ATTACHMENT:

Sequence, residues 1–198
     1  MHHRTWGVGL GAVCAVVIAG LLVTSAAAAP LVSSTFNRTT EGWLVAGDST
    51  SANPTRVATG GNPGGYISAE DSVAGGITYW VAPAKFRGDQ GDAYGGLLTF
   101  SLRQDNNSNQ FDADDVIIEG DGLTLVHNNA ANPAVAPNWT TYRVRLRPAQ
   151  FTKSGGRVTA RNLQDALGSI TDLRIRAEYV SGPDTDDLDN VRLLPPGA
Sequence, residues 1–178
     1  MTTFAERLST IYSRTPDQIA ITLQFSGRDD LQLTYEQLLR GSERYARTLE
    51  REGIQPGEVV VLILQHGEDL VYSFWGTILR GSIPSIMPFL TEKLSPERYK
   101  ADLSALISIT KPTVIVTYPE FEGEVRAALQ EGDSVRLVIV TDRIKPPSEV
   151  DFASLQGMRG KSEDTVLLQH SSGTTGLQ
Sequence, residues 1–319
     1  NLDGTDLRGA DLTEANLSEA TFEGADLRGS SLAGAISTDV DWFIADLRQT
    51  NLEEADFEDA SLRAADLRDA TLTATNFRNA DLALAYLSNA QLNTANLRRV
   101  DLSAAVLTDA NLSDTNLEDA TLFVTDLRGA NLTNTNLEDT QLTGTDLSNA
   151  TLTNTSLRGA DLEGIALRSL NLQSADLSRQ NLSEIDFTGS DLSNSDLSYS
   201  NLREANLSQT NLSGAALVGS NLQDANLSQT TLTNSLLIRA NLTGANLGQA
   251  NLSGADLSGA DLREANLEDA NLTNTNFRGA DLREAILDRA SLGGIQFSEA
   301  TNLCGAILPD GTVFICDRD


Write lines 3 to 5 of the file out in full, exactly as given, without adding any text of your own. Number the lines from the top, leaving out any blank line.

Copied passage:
    51  SANPTRVATG GNPGGYISAE DSVAGGITYW VAPAKFRGDQ GDAYGGLLTF
   101  SLRQDNNSNQ FDADDVIIEG DGLTLVHNNA ANPAVAPNWT TYRVRLRPAQ
   151  FTKSGGRVTA RNLQDALGSI TDLRIRAEYV SGPDTDDLDN VRLLPPGA